Bong, who leads Sikich’s forensics response team and works with insurance companies to respond to incidents, said no one is immune. In fact, he said small manufacturers are a significant target because they typically have not invested as much into protecting their network, but should a cybercriminal get a hold of it, the company may have to pay $100,000 or more to be able to be back up and running within a few days.
Ransoms may be willingly paid, he said, because the attackers have encrypted the company’s data, so it needs to buy the password to get its data back. Or, before the criminals encrypted the data, they also stole it. In the case of stealing, they may put a small portion of it on a “shaming website,” Bong said, and will threaten to post more if the ransom isn’t paid. Having a system backup also doesn’t guarantee you are out of danger, Bong said, explaining that attackers can even access and then destroy the backup.[caption id="attachment_552869" align="alignright" width="300"] Michael Senkbeil[/caption]
However, “the scourge of ransomware seems to be diminishing because of preventative measures,” Senkbeil said.
The trend is now moving toward phishing, allowing the attacker into the system to do more lateral movement and digging in the company’s systems.
The FBI defines ransomware as malicious software that prevents users from accessing their computer files, systems or networks and then demands a ransom payment for their return. Phishing, on the other hand, involves “spoofing techniques to lure you in and get you to take the bait,” according to the FBI. Criminals conduct phishing scams to get information from their target.
Recently, there have been more cases where people’s emails were taken over by a criminal who tricks a person into making a money transfer to the wrong account, Bong said. For example, they will get into an email account and contact a customer to say they need to pay a bill and provide a “new” bank account to send the money.
Before a loss can occur, Navarro says, R&R Insurance will assist with pre-loss mitigation so that if a loss should occur, it would help to lower the impact. Companies of all sizes need cyber insurance, Navarro said. Realistically, every business that has network access, or has information on customers, employees, products and vendors.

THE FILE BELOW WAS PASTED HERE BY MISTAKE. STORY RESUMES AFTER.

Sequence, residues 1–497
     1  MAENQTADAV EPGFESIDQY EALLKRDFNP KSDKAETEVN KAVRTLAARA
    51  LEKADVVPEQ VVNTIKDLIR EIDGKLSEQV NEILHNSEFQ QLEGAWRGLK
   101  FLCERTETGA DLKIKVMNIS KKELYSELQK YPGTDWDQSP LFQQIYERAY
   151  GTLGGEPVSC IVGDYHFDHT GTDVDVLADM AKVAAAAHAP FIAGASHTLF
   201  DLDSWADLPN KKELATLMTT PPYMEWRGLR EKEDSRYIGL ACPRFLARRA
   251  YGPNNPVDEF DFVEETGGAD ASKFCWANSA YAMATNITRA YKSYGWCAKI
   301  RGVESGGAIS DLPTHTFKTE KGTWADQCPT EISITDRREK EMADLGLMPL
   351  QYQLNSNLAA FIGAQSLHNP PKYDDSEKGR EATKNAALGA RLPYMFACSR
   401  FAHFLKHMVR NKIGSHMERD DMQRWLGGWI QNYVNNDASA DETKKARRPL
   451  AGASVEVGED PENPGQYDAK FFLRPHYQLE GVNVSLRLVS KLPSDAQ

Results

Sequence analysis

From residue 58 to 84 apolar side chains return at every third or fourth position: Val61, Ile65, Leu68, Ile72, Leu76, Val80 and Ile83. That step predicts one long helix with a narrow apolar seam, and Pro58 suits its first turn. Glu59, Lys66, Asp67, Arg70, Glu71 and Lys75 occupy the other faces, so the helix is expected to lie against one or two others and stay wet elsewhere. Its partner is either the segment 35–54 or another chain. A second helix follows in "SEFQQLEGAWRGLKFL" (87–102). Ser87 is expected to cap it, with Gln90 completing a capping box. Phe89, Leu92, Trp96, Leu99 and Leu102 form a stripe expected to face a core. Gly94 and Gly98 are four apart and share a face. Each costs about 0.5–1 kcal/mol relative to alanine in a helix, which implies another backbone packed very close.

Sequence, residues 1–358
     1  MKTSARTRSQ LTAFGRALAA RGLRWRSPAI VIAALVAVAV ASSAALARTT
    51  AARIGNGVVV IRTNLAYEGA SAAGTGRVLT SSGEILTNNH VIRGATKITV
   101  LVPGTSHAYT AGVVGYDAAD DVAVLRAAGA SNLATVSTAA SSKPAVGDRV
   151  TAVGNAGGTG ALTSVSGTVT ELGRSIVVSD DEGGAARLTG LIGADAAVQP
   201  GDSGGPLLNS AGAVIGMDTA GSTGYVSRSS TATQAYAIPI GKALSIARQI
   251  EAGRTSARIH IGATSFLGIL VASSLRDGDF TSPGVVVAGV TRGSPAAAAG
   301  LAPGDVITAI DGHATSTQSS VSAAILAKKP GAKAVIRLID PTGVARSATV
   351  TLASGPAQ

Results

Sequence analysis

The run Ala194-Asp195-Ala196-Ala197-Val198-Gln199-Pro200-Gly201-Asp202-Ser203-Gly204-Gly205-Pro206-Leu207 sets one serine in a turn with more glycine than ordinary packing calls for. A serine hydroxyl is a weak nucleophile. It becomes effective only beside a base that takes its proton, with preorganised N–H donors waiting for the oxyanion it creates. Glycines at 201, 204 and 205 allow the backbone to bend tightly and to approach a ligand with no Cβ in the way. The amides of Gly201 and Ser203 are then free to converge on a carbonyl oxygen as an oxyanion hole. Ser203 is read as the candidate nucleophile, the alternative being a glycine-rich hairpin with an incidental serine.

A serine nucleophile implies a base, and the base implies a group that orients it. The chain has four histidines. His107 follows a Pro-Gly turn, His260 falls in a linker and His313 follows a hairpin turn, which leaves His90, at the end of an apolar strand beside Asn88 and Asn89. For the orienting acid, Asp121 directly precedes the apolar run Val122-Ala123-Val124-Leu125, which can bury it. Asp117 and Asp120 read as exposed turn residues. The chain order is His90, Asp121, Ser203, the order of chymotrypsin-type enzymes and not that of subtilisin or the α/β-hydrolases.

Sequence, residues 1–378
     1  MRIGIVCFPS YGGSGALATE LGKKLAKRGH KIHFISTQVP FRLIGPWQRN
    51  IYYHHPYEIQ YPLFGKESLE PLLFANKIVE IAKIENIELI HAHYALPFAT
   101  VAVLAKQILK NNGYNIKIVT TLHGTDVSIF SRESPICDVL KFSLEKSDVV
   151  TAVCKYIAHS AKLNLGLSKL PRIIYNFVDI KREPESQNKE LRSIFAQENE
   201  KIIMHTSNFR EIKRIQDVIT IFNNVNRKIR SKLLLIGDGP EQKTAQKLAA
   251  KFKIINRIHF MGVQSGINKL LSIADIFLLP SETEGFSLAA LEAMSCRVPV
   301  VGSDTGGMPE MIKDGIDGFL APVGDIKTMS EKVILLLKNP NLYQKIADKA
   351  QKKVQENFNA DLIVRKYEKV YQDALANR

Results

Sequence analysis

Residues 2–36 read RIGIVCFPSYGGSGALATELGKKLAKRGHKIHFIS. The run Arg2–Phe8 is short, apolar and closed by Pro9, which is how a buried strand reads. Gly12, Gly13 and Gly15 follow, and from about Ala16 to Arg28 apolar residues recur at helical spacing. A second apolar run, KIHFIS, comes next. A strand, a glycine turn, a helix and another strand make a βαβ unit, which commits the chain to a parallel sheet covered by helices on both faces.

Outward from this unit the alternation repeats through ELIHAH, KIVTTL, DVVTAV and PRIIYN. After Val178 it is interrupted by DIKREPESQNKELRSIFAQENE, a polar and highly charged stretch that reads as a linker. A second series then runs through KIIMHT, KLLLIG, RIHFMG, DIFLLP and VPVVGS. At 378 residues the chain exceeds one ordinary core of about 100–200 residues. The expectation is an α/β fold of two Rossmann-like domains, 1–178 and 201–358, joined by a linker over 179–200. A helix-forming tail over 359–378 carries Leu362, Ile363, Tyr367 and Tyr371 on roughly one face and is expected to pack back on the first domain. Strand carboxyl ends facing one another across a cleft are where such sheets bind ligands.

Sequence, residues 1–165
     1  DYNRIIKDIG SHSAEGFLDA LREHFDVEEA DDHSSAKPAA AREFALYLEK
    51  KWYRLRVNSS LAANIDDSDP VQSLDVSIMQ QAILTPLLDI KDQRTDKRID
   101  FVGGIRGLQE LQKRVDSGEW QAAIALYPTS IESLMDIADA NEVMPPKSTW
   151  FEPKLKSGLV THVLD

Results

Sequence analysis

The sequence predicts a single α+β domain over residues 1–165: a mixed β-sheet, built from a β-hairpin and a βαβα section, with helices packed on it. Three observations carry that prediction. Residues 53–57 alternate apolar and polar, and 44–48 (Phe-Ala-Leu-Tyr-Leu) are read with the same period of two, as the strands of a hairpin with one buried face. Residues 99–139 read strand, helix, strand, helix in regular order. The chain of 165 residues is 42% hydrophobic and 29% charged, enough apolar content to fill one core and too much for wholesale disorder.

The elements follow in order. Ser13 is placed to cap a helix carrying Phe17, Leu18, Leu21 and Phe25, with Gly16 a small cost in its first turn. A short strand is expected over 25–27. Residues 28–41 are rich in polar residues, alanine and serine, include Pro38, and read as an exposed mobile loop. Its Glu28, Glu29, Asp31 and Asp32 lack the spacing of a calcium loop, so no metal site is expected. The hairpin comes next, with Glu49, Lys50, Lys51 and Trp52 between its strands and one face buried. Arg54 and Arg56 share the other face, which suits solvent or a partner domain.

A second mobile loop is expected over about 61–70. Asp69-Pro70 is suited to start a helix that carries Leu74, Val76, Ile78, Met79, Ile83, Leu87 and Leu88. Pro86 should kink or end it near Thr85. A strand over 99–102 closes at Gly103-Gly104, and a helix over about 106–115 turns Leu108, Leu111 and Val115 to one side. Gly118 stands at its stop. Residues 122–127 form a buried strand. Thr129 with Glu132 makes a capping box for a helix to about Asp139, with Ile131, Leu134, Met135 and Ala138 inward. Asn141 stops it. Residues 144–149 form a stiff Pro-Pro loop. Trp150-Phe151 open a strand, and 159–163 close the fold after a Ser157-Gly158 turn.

Navarro said it’s important to take into consideration what you would do if an attacker forced you to shut down your business. “All the work you have done to grow your business, and you have your business crippled likely by a foreign entity who is trying to scam you and shut you down,” Navarro said.
The cost for cyber insurance varies on the business and how many records it keeps. For smaller companies, it can range from $2,000 to $5,000 for an annual premium and up to hundreds of thousands of dollars per year for a large company, Navarro said.
However, requiring a company to implement multi-factor authentication and other measures to shore up its technology isn’t always an easy sell.
“The concern is that the cost of being cyber prepared is going to be high, and they are concerned that they will lose efficiency and productivity,” Senkbeil said. “I have found that in the last several years, business owners know that the risks are serious and need to do more. I have been pleasantly surprised that they have been more receptive in most recent years.”
Chortek has been an outsourced IT department for many companies and encourages its clients to be patient with their employees who may need a little more time for work with multi-factor authentication installed.
In the future, Senkbeil wants to see companies who have implemented robust protective measures to get a better rate from insurance companies.
“I think they deserve to have lower premiums. I think it’s coming,” he said.